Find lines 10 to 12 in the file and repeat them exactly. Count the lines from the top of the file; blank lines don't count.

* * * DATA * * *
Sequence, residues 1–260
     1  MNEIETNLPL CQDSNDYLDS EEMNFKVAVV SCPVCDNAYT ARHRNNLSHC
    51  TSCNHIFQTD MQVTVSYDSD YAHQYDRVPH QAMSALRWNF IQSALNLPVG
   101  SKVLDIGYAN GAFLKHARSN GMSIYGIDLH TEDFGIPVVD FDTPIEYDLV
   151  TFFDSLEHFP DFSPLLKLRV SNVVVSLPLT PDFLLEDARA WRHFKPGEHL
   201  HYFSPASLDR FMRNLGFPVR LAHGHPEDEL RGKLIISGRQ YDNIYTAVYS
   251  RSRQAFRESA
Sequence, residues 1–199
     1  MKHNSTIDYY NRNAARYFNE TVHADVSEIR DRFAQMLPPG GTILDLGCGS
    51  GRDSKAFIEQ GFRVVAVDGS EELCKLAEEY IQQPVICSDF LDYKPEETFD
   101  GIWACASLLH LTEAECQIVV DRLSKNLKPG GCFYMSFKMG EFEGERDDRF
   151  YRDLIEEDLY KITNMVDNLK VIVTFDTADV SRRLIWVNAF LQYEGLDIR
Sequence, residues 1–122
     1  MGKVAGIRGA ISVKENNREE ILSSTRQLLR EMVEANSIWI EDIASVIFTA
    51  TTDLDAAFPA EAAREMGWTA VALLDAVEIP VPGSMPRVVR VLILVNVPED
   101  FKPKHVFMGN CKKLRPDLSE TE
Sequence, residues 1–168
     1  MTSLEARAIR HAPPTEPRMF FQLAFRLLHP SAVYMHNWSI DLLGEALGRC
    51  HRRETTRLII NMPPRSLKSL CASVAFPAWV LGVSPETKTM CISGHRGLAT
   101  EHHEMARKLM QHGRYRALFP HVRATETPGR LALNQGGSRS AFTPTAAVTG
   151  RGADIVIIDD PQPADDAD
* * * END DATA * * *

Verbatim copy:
    51  GRDSKAFIEQ GFRVVAVDGS EELCKLAEEY IQQPVICSDF LDYKPEETFD
   101  GIWACASLLH LTEAECQIVV DRLSKNLKPG GCFYMSFKMG EFEGERDDRF
   151  YRDLIEEDLY KITNMVDNLK VIVTFDTADV SRRLIWVNAF LQYEGLDIR